The building may be mundane and beautiful but my photograph is just mundane. Unlike the Bechers, what I suspect Gursky is doing is mining overlooked subject matter for its novelty. Not that it matters much if a building that most people are indifferent to is the subject of a multimillion dollar photograph. When photographs are auctioned for millions there’s more at work than questions of formal aesthetic qualities or even their absence. Where does the value lie?

Just as property developers don’t care what type of property they develop, art investors don’t care what type of art they invest in. They may have their preferences but whether they’re aesthetic or financial we don’t need to know. What if they’re both? Perhaps art investors see a different kind of beauty in potential financial return? Does this make them philistines? shrewd investors? clever ones? or all three?

Even if we suspend objections such as these, we still need to ask “Why should photographers have to teach us to appreciate the beauty of the ordinary, when we could be doing it ourselves?” This is the big question and it’s the job of Art to make us continually question our reality. But does it ever reach so deep? With Duchamp, the surrealism of the found object as sculpture arose from mundane objects being exhibited as if they were art. This, we discovered, was sufficient to make it art. Dadaism didn’t make us appreciate the beauty of bicycle wheels and kitchen stools. It made us question the nature of Art.

Gursky may be showing us a new type of beauty in “mundane” scenes but, rather than being rewarded for teaching us how to find and appreciate it for ourselves, I suspect he is being rewarded for objectifying it and so making sure we never do. I suspect fame and its consequent financial reward are bestowed on people who ensure potentially useful ideas never gain popular currency.*

  • For neglecting to mention the human concerns of Modernism when he introduced it to the US in 1932, Philip Johnson was awarded the first Pritzker Prize.
  • If we look at Le Corbusier’s buildings and proposals in terms of their value as vehicles for his career, then this next proposal worked wonders. Never mind that it did more to discredit high-rise living than it ever did to promote it. Better living conditions for more people in Paris or anywhere else was not its concern and certainly not the result. 

I could pick any of the misfits architects to illustrate the other side of the same point but I’ll use Mario Asnago & Claudio Vender as they worked closest to the idea of an ordinary beauty.

Because we’re not taught to see beauty unless we’re being told to see it, seeing beauty in ordinary things such as the position and spacing of windows means we first need to be alerted to its presence and this is what Asnago & Vender did. They made small parts of their buildings perceptibly strange in order to make us look and appreciate what they had done. It was a useful idea, and also a polite and economical one. This is not the kind of idea architecture cares to remember.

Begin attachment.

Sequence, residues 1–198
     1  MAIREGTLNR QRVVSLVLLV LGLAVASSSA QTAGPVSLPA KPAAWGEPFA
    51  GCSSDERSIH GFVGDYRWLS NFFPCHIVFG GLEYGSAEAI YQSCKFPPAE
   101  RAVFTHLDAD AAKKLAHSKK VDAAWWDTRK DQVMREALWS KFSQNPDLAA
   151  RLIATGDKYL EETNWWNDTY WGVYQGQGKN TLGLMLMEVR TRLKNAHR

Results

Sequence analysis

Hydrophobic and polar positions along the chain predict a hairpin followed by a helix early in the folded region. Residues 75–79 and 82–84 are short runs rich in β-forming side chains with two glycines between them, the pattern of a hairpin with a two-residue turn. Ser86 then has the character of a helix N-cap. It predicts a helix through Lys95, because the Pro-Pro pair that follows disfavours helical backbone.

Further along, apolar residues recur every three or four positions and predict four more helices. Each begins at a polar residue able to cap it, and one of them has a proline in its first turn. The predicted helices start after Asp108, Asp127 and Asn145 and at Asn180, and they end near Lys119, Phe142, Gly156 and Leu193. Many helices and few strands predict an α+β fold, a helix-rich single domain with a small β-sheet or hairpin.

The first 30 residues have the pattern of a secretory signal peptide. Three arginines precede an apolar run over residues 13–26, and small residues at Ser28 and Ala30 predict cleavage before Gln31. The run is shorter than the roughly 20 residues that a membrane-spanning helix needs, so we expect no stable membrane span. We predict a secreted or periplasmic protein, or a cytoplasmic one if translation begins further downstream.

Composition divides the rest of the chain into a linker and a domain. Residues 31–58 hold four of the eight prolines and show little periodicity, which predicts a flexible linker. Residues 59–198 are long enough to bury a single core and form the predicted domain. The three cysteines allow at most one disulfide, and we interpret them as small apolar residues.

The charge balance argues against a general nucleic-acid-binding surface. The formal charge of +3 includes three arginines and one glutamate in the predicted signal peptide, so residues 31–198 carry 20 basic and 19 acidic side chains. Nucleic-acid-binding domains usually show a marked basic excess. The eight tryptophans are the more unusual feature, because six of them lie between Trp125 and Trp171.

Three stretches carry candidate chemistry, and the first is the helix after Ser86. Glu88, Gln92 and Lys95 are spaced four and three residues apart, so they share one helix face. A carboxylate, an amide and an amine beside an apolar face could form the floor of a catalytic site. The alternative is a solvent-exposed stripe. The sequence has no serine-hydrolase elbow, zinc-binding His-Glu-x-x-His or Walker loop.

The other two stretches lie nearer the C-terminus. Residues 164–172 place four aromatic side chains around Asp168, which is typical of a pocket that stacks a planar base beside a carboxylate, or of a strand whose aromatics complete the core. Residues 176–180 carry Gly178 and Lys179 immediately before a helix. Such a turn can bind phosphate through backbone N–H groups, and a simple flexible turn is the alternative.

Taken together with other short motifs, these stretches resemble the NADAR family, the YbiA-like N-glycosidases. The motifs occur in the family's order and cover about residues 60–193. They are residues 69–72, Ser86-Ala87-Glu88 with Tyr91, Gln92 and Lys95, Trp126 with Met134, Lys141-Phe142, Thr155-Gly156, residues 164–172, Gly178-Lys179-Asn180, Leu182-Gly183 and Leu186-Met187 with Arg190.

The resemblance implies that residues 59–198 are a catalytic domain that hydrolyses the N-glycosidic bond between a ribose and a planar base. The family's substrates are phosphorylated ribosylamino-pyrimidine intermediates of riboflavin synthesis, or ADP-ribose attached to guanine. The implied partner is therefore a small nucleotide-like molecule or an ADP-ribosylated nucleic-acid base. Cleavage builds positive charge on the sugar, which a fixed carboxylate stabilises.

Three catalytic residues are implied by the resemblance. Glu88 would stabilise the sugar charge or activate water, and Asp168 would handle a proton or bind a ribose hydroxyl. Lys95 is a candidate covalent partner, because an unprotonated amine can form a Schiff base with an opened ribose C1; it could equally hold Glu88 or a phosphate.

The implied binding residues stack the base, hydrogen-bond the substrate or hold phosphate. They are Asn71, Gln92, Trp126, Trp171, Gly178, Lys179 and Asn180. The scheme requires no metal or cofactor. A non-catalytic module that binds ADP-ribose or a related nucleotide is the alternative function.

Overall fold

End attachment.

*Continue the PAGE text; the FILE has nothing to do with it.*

Moreover, they saw the history of Milan in terms of “what’s already there” and didn’t use these “lesser” architectural devices for decoration but in order to knit their buildings into streetscapes in a way that was respectful without being deferential. This is not the kind of attitude architecture cares to recognize. 

  • Despite what Italian architects Asnago & Vender had been doing in and for Italian cities since 1930, in the 1960s Robert Venturi cleared the path for the plunder of Italian historic architectural motifs as a source of superficial architectural meaning first in America, and then around the world. In 1991 Robert Venturi received the Pritzker Prize.
  • We might also consider what has happened since and how Rem Koolhaas and his stable of architects have successfully promoted architecture as spectacle devoid of content.
  • Concurrent with this we have content as spectacle with the rise of virtual architecture, datascapes as architecture, “everything is architecture,” and vizualizations as a form of virtual architecture with only a tenuous link to reality.

US President Trump’s former advisor Steve Bannon is credited with the rallying call “Flood the zone with shit!” – the idea being that people will become incapable of judging for themselves what’s real and what’s not. Architectural media had already adjusted to these new circumstances in which politics and much of our lives is now conducted and the daily spew of architectural imagery continues to dull our ability to judge what is virtuous and what is unacceptable. Or even care. Our threshold for stimulus is now so high that, mistaking stridency for skill, we think something good simply because we noticed it.

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*Some future post will re-state this blog’s theme and lay out evidence for how architectural fame and fortune are granted in inverse proportion to moral content, ethical principles and humanitarian benefit. (The inverse proportion arises from representations of moral content, ethical principles and humanitarian benefit being the inverse of actual moral content, ethical principles and humanitarian benefit.)

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Related Posts:

  1. Honorary Architecture Misfits: Bernd and Hilla Becher
  2. Architecture Misfits #26: Asnago & Vender
  3. Making Strange
  4. more on Andreas Gursky: